Facebook, MySpace, Twitter, blogs. The things that are available to us these days to keep us connected, to share our thoughts, and to promote ourselves. Now don’t get me wrong. I participate in each one of these to one degree or another. It’s just that there are times when I’m more keenly aware of the purpose of these services to feed our need for attention.
I’ve never considered myself what I call a “HEY, LOOK AT ME” person. That personality is exactly the kind that gets under my skin quicker than any. You know the type. I don’t want to draw attention to a beer commercial, but if you’ve seen the ones with the “Too Light, Too Heavy” campaign, you might now what I’m talking about. They’re pretty funny. One such ad compares a guy arriving through a gate at a an outdoor barbeque party and meekly saying, “hey everybody.” Of course, no one notices. This is then juxtaposed with his “too heavy” arrival as a giant monster truck, with a giant papier mache head in his image on top, mows down the entire fence. Then, a twenty foot “tongue” unrolls from the mouth like a red carpet as the body of the truck lifts, and the man emerges from inside the monstrosity shouting, “HEY EVERYBODY! WOOOOOO!”
Yeah, I’m definitely not one of those guys. I live in kind of a world of dichotomy. On one hand, I’m introverted and hate attention, and on the other hand, I sing publicly and write out my private thoughts and experiences on ye olde world wide web.
Yeah. I know.
I have become a bit more comfortable in “promoting” my blog posts. It wasn’t easy. It’s against my nature. But a passion of mine is encouraging and inspiring people to pursue their goals and dreams. When I write, it’s equal parts self discovery and hope that someone will be able to relate and find encouragement. I do not write to draw attention to myself. I have received so many wonderfully encouraging comments about my writing, for which I’m humbled and blessed. But I never want to be guilty of doing this for the atta boys. I want to draw attention to the Giver of gifts. I want to illuminate that we all have an innate desire to succeed in life. But success isn’t measured by the square footage of your home and the Blue Book value of your cars.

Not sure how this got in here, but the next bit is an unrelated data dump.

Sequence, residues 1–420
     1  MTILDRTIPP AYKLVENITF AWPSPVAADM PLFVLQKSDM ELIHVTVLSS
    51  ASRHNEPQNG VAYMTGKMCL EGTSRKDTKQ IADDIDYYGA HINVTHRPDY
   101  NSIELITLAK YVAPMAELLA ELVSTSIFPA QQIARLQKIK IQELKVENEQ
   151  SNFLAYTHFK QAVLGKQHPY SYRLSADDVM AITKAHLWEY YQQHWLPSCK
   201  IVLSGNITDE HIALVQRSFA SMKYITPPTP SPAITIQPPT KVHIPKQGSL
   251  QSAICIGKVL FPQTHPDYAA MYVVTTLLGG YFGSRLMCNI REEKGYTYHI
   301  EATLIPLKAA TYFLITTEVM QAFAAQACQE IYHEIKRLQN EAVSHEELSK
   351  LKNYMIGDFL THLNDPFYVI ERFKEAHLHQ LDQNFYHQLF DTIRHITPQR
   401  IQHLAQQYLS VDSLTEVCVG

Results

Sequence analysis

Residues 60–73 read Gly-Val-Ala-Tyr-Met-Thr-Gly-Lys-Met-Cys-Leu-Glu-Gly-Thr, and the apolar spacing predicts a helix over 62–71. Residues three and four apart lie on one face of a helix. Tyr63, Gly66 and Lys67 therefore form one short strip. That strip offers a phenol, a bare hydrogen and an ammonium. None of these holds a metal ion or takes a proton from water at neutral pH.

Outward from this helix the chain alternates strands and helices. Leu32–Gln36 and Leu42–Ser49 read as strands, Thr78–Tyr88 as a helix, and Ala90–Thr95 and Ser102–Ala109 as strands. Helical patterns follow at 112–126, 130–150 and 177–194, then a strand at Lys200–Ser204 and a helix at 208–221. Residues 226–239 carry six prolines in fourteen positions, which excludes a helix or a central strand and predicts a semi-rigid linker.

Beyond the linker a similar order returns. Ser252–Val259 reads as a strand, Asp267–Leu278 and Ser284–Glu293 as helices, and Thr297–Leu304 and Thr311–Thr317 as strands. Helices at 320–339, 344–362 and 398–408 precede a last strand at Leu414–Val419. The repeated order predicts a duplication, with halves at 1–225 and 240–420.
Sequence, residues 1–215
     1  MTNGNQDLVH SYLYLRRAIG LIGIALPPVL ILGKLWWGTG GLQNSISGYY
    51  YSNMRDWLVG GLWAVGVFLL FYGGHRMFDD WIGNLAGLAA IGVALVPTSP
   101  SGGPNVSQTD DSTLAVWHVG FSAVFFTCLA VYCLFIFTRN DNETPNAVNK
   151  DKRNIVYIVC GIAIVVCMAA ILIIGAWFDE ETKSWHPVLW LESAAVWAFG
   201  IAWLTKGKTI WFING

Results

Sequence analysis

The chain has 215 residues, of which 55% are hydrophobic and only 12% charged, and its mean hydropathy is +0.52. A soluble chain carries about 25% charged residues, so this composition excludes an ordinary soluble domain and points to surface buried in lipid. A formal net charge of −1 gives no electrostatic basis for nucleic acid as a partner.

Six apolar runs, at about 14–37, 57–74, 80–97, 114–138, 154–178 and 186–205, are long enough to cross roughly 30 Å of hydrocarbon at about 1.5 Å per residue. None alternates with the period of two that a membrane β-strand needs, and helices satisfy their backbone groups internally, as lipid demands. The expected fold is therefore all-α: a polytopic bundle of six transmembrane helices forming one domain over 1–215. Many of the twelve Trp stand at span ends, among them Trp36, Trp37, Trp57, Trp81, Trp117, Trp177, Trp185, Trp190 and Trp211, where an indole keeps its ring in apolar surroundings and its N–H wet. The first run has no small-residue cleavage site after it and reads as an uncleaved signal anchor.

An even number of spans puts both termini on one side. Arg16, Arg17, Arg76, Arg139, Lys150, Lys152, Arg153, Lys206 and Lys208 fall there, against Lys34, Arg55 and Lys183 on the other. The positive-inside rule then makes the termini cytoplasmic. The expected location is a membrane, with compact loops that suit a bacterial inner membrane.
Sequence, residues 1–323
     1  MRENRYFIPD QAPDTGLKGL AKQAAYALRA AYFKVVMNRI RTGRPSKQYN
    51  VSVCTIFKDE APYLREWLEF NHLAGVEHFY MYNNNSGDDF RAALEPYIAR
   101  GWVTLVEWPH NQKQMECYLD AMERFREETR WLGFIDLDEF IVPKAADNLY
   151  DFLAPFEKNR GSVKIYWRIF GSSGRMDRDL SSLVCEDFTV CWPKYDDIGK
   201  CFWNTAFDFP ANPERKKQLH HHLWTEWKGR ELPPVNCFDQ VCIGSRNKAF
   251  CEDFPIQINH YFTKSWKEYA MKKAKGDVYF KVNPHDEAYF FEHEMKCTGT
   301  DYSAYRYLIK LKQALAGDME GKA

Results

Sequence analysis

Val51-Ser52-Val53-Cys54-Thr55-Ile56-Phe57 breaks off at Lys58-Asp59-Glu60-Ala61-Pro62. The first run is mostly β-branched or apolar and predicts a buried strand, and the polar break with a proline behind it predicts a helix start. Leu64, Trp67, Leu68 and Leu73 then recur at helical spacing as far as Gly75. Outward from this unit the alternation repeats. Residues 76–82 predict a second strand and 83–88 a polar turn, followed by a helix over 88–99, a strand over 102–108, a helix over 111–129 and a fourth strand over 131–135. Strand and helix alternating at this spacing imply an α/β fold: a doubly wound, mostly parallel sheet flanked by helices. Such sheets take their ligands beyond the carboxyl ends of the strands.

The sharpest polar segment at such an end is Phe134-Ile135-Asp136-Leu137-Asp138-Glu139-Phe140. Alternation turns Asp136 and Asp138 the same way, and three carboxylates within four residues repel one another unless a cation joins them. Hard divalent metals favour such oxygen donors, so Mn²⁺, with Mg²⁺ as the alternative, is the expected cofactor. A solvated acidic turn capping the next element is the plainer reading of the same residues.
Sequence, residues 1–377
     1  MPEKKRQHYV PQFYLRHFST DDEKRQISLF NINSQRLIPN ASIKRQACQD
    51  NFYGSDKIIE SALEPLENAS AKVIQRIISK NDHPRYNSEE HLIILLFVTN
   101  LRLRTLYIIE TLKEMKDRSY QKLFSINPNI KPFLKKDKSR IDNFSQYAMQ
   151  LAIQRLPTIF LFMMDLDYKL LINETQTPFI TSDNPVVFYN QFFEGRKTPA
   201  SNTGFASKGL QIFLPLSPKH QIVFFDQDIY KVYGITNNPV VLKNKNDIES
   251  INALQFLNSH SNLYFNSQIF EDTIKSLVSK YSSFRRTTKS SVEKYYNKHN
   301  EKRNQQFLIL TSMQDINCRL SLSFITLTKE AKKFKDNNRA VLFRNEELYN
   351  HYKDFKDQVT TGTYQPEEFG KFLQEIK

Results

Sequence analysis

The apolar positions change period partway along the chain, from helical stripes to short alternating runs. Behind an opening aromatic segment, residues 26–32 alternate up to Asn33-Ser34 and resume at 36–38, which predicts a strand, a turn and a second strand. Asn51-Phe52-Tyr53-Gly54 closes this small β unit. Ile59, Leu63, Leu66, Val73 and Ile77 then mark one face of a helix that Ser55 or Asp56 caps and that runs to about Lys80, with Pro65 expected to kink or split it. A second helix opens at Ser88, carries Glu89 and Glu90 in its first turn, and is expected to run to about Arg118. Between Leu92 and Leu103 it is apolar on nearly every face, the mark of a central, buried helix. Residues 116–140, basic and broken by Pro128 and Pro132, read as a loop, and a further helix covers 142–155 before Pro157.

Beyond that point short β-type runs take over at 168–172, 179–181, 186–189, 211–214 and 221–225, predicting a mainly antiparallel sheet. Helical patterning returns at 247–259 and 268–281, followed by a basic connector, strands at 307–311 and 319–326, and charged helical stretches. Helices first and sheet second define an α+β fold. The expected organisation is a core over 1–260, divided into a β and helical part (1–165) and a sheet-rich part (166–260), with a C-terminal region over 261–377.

In my life, I have defined success as doing my best to promote God with the gifts He has given me. Those gifts don’t always come in the form of singing or writing. In fact, they make up an extremely minimal percentage of my life’s activity. Among my greatest gifts were the parents who raised me, and the country in which I was raised. I am a reflection of these gifts, and I’m profoundly grateful. The fact that I am free to write these words without fear that my door will be broken down for violating some decree by a maniacal dictator is something many in today’s world cannot enjoy.
With all this being said, let it be understood that I never want to be guilty of self promotion. I never want to be guilty of abandoning the message of hope and encouragement, and stray into the murky and lifeless waters of drawing attention to myself. We all possess talents and abilities in greater measure than the average person. God delights in giving gifts to us. I’m blessed that among the gifts He has given me, I have received compliments. I’m human, after all. You have encouraged me to keep doing what I do. You’ve encouraged me to push through the obstacles and difficulties. I pray that in some way, I reciprocate not only what God has given me, but what you have given me.